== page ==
9 nabbed with high-powered rifles, ammo in NWD

first_imgNine males, including three foreigners, were arrested on Tuesday evening following the discovery of two high-powered weapons along with matching ammunition and other prohibited items in Region One (Barima-Waini).The suspects just before they were flown to the city for further interrogationAccording to reports, after receiving information that a gang of armed men was in the Churches Landing Mining Community acting in a suspicious manner and appeared to be a mix of foreign nationals and Guyanese, a party of Policemen from the Criminal Investigations Department (CID) in F Division (Interior locations) and ranks from the Guyana Defence Force (GDF) Coast Guard travelled to the Barima River, North West District (NWD), to investigate.There, they underwent a stake-out for almost 24 hours before intercepting a metal boat with four occupants, including the captain. The vessel was also towing a blue and grey fibre glass boat carrying another five passengers.The high-powered weapons and other illegal items found in the suspects’ possessionUpon searching the boats, the lawmen unearthed an AR-15 rifle and an AK-47 rifle, along with one magazine each, and a total of 19 live rounds of ammunition, one bullet proof vest and 1.5 kilograms of cannabis.The discovery led to the arrests of nine suspects, three of whom are foreign nationals from Cuba, Jamaica and Venezuela. They are 53-year-old Delroy Mairs, a mason of Albouystown, Georgetown and of Jamaica; 33-year-old Rafael Ramon, a Venezuelan citizen; and 25-year-old Samuel Alvaroz from Cuba.Meanwhile, the Guyanese suspects have been identified as 19-year-old Junior Jack, a sailor of Mabaruma, NWD; 38-year-old Donstant Rodrigues, a boat captain of Mora, Moruca, NWD; 49-year-old Shawn Phang, a miner of Port Kaituma, NWD; 44 year-old Dexter Valensuela, also a boat captain of Crane, West Coast Demerara (WCD); 48-year-old Corwin Griffith, another boat captain of Grove, East Bank Demerara (EBD), and 62-year-old Carrigon Khan, a boat captain of Pomeroon River.The suspects were escorted from Mabaruma to the Police Criminal Investigation Department Headquarters, Eve Leary, Georgetown, via air on Wednesday afternoon for further investigations.According to the Police Force, these arrests are significant since there were reports of piracy a few weeks ago in the Waini River area, several miles from the Police Floating Base MV Tamakay.last_img read more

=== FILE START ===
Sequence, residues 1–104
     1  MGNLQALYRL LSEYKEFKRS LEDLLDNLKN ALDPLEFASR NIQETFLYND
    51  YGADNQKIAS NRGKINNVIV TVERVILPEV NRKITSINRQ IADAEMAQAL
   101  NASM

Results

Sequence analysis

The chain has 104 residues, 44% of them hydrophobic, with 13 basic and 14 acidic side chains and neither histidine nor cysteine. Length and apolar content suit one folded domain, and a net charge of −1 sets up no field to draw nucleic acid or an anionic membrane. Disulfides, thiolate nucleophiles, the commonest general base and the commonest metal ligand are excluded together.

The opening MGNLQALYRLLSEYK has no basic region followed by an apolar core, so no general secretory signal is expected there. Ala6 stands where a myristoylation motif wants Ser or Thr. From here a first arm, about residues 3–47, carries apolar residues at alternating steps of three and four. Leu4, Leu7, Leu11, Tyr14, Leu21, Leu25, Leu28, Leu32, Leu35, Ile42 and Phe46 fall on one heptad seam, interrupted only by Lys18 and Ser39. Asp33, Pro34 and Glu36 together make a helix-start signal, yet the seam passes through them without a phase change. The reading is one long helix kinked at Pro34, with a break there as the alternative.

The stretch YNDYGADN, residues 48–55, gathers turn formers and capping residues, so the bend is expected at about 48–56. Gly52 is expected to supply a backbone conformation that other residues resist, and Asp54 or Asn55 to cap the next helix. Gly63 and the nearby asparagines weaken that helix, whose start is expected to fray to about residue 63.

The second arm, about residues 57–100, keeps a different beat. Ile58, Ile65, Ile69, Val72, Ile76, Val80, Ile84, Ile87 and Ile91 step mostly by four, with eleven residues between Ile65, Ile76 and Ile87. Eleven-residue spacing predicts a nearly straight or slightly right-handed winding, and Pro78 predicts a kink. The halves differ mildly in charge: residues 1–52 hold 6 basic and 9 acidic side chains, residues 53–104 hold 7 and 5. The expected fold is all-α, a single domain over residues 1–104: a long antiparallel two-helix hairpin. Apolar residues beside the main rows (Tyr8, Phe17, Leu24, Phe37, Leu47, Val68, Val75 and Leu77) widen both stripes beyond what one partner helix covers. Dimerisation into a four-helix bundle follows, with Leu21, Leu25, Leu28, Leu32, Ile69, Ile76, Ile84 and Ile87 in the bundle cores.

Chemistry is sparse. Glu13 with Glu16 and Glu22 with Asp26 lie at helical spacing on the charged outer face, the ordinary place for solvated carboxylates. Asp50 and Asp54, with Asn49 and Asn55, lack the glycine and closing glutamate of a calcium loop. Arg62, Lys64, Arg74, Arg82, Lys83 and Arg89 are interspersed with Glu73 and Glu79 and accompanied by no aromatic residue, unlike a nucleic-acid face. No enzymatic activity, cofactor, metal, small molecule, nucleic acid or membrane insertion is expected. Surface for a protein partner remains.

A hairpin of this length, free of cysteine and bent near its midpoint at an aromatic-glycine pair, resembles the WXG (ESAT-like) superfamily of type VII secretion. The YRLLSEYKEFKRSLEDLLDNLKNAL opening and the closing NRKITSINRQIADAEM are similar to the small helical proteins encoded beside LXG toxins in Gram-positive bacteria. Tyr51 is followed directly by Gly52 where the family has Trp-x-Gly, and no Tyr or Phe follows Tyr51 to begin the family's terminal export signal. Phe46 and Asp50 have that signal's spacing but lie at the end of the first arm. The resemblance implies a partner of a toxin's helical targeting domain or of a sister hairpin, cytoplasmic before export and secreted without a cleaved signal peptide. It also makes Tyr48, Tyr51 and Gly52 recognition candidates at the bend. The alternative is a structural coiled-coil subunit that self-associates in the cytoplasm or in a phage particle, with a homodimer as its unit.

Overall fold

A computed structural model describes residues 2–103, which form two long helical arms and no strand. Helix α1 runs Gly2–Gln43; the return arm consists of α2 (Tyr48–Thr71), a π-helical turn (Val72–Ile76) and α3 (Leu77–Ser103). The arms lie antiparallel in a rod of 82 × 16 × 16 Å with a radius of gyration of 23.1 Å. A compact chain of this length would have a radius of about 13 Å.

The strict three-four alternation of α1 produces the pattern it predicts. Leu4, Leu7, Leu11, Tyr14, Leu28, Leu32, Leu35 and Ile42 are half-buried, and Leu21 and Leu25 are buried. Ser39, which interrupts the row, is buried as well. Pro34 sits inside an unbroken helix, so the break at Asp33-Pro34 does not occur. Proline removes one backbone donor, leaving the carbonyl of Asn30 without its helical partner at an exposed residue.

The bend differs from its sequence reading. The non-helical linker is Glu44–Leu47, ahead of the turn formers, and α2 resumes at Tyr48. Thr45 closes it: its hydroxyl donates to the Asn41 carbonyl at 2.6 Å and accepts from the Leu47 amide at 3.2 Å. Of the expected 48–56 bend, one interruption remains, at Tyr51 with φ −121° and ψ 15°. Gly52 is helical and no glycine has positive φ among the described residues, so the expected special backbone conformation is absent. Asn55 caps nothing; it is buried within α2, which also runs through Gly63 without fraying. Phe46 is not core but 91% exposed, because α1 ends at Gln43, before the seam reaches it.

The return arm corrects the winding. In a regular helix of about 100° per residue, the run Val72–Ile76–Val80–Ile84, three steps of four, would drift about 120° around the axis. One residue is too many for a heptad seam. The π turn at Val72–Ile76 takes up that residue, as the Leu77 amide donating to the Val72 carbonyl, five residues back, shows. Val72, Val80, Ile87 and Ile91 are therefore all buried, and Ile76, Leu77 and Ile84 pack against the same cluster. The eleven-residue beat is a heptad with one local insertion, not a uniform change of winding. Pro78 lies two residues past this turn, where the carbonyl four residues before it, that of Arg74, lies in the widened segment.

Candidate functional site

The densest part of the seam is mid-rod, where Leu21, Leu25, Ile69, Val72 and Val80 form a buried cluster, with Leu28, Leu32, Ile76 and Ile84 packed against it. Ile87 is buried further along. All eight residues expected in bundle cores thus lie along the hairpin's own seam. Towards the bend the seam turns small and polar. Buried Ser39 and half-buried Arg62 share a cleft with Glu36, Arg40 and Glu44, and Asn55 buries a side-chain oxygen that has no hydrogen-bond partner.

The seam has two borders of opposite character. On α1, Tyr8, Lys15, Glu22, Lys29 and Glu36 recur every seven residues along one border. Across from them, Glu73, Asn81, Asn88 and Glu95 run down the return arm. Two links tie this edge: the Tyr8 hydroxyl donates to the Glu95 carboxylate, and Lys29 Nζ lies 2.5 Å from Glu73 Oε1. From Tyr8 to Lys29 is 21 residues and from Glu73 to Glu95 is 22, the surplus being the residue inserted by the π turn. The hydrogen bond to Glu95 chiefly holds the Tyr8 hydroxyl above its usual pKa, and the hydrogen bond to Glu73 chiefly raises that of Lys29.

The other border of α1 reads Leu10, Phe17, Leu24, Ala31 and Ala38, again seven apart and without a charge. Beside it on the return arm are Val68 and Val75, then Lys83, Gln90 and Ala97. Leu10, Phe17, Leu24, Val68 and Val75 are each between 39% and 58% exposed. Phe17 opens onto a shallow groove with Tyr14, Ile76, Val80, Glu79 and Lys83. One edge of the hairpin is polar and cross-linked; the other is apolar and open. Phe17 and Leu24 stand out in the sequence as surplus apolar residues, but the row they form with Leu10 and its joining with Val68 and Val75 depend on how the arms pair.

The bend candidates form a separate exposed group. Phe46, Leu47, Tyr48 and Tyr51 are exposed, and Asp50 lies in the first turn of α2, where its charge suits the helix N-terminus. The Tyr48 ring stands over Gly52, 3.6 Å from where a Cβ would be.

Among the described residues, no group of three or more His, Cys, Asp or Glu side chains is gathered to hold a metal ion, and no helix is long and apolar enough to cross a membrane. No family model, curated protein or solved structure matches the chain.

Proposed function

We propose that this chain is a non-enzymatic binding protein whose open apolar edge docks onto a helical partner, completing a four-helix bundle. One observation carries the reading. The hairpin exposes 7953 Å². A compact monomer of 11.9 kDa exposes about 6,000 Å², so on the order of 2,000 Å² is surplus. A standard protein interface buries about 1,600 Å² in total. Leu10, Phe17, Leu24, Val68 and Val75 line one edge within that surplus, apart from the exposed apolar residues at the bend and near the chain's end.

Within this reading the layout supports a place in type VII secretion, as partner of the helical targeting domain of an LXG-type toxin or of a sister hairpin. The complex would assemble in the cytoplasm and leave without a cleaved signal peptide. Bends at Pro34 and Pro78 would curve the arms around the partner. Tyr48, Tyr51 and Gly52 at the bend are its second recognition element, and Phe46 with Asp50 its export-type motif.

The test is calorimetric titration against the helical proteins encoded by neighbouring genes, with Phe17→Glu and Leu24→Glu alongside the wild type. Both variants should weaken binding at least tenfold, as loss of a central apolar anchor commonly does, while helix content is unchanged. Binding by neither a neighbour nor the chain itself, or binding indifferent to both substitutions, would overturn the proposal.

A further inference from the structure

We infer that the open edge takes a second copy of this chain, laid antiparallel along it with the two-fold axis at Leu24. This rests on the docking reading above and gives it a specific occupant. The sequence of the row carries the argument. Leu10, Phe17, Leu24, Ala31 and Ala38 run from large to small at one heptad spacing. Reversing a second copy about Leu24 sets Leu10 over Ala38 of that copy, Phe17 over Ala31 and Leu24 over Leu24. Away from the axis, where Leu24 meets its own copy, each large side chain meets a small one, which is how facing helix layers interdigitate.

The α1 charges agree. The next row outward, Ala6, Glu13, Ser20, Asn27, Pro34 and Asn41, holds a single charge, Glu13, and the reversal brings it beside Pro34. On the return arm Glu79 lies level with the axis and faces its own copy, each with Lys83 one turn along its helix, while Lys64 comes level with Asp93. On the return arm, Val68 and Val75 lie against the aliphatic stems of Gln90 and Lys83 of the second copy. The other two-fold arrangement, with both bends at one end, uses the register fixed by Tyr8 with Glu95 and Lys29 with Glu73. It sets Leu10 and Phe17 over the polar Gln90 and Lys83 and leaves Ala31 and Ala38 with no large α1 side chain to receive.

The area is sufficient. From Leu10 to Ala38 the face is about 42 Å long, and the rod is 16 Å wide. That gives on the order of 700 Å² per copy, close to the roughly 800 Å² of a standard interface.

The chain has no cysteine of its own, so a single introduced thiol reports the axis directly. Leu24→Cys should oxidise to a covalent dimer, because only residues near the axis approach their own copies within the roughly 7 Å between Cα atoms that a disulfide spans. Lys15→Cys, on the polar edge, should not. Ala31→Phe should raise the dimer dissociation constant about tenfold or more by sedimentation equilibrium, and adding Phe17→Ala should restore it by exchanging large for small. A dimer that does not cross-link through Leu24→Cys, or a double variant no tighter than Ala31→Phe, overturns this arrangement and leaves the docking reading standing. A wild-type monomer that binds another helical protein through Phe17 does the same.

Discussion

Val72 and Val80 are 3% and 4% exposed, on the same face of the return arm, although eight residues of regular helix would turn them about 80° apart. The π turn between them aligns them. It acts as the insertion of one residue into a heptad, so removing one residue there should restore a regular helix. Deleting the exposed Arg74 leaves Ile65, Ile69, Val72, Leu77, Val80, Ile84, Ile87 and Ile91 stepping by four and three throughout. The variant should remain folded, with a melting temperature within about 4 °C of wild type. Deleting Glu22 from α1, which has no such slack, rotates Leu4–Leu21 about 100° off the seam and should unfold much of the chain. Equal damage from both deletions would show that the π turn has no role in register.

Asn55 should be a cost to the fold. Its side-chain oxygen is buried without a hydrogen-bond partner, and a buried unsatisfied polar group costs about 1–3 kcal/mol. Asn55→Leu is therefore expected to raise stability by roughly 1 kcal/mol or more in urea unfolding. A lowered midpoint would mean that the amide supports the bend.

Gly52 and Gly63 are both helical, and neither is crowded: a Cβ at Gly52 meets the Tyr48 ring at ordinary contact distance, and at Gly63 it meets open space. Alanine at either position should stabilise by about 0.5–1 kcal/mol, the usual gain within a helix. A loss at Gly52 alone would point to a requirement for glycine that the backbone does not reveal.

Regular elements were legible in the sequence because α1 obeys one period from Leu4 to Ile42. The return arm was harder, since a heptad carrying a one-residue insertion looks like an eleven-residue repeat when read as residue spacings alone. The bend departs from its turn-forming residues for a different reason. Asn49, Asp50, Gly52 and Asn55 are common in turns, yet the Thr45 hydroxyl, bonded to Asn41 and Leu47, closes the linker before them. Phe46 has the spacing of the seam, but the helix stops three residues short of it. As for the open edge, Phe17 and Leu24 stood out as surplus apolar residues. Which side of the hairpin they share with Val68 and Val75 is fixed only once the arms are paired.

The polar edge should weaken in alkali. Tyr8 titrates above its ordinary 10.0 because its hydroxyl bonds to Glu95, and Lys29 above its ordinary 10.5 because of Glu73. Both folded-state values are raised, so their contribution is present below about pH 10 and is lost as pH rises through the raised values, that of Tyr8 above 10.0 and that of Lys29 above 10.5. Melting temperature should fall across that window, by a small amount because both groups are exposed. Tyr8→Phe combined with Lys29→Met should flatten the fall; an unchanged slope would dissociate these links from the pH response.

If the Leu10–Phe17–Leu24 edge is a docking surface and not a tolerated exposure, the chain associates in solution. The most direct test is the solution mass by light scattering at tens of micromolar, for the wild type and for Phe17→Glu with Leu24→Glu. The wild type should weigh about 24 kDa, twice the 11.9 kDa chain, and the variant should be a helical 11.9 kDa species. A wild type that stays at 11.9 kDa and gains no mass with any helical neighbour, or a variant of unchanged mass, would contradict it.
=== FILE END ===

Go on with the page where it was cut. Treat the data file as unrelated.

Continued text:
Inquest being held into death of Buick Creek man

first_imgThe inquest – which is separate from the police investigation – will include a jury to hear witness testimony. It will then be able to provide suggestions for preventing similar deaths – Advertisement -The B.C. Coroner’s Service will be holding an inquest into the death of Valeri George, who died in 2009 during an incident involving police in Buick Creek.George died on Sept. 30, after being shot by a member of the RCMP’s North Division Emergency Response Team.The public inquest will be held at the B.C. Supreme Court in Fort St. John from Aug. 29 to Sept. 2.Last October, Corporal Dan Moskaluk told Energeticcity.ca that an investigation into the use of lethal force was being conducted by the RCMP “E” Division Major Crimes Unit with the supervision of an independent officer from the Vancouver Police department.Police were called to a property on Sept. 26, 2009 after a man had reportedly attempted to stop his wife and kids, along with a neighbour, from leaving the property by shooting at the vehicle they were in.Advertisement Fort St. John RCMP officers went to the residence, but the man barricaded himself inside and would not communicate with police.Moskaluk said at that point the Emergency Response Team was called in to set up a perimeter and to assist the other officers.On Sept. 30, the man apparently tried to leave the property with a rifle and was shot by members of the Emergency Response Team.To date, police have not released any further details about their investigation.Advertisementcenter_img Photo: An inquest into the death of a Buick Creek resident will take place beginning in August./Adam Reaburnlast_img read more

City to step up housing inspections